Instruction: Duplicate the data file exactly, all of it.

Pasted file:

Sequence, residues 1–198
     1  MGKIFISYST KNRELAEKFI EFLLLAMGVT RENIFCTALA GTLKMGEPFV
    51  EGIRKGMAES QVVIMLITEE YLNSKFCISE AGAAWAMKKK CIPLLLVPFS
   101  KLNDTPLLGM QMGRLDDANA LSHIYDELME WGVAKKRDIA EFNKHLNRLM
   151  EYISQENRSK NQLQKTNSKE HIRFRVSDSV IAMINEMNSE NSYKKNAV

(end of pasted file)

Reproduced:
Sequence, residues 1–198
     1  MGKIFISYST KNRELAEKFI EFLLLAMGVT RENIFCTALA GTLKMGEPFV
    51  EGIRKGMAES QVVIMLITEE YLNSKFCISE AGAAWAMKKK CIPLLLVPFS
   101  KLNDTPLLGM QMGRLDDANA LSHIYDELME WGVAKKRDIA EFNKHLNRLM
   151  EYISQENRSK NQLQKTNSKE HIRFRVSDSV IAMINEMNSE NSYKKNAV